It's becoming increasingly clear that the Yankees need another starting pitcher. Their lack of rotation depth was already viewed as a weakness coming into the season, and it has been fully exposed due to Jordan Montgomery's injury. With Domingo German coming off of two straight clunkers, both of which exhibited his wildness, the Yankees would surely like to roll with a surer option in the fifth spot of the rotation. In addition, with Masahiro Tanaka, CC Sabathia and Sonny Gray all struggling to find consistency, the Yankees need a legitimately good pitcher, not just some run-of-the-mill innings eater.
There's a pitcher who fits the bill perfectly, who is also very likely to be made available on the trade market. What's more, he could be had for a relatively low price. His name is Tyson Ross.
From 2013-2015, Tyson Ross was quietly one of the better starting pitchers in the game. During that span, pitching for the lowly Padres, he ranked 5th in HR/9 (0.52), 23rd in FIP- (85), and 24th in fWAR (9.4). Then, in 2016, he missed an entire season due to thoracic outlet syndrome, for which he underwent surgery in October of that year. The following year, the Rangers took a gamble on him, signing him to a one-year, $6 million deal. It didn't work out. In 49 innings that year, Ross walked more batters than he struck out and recorded an ERA of 7.71.
This year, however, Ross has experienced a resurgence. Ross was signed by his former team, the Padres, on a one-year minor league contract, and boy is he paying dividends. In 10 starts and 60.1 innings this year, Ross has pitched to the tune of a 3.13 ERA and a 3.36 FIP. His ground ball rate is the lowest it's ever been in his career, but all his other peripherals are where they were during his 2013-2015 peak. For all intents and purposes, Ross is back to his former self.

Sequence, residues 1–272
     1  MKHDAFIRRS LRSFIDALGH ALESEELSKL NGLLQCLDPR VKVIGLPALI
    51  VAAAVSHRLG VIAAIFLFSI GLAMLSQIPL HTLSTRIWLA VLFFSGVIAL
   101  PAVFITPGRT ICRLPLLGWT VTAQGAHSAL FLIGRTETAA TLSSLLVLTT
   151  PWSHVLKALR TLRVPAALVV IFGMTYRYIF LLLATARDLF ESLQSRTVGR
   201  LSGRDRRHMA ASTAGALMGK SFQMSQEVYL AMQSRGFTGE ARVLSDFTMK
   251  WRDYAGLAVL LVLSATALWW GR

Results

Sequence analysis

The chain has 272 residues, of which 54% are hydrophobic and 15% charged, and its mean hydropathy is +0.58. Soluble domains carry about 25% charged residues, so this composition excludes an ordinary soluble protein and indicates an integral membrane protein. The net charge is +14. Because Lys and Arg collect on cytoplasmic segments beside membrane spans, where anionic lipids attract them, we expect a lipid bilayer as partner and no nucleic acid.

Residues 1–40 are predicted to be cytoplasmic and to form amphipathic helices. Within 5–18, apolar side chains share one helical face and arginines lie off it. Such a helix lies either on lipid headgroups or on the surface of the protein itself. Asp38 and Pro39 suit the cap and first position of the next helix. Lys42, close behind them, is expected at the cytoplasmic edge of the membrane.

It's not hard to figure out how Ross is doing this. As Jeff Sullivan has documented over at FanGraphs, Ross' slider is one of the best pitches in the game, and he's regained full control over it this year after struggling to throw it with confidence in 2017. Please click on the link for some hot GIF evidence of its effectiveness. This isn't a case of some random veteran succeeding on smoke and mirrors. Ross has always had a first-class slider, and it's back in full force this year.
So, we've established that Ross is good. The Padres, on the other hand, are not. Sure, they have an embarrassment of riches in their farm system, but Ross is playing on a one-year deal, so he won't be around for the next great Padres team (in fact, I'm not sure I will be, either). As the trade deadline nears, AJ Preller would be wise to dangle Ross in front of contending teams in an attempt to pry away some minor league talent.
Not only is Ross available, he's also likely to be relatively cheap. As mentioned before, Ross is on a one-year contract. While the cheapness of that contract drives up Ross' surplus value, the fact that teams only get to have him for three to five months should keep his price from rising that much. The fact that he's one year removed from a missed season and surgery for thoracic outlet syndrome should also drive down Preller's ask. Plus, he's on the wrong side of 30, which tends to depress players' value by a bit.
Is it possible that Ross could be had for a package consisting of one borderline top-100 prospect and some organizational filler? Maybe one headlined by one of the many power arms in the Yankees’ system. It’s not out of the question. If Brian Cashman is able to get Ross, then this blogger would be quite pleased.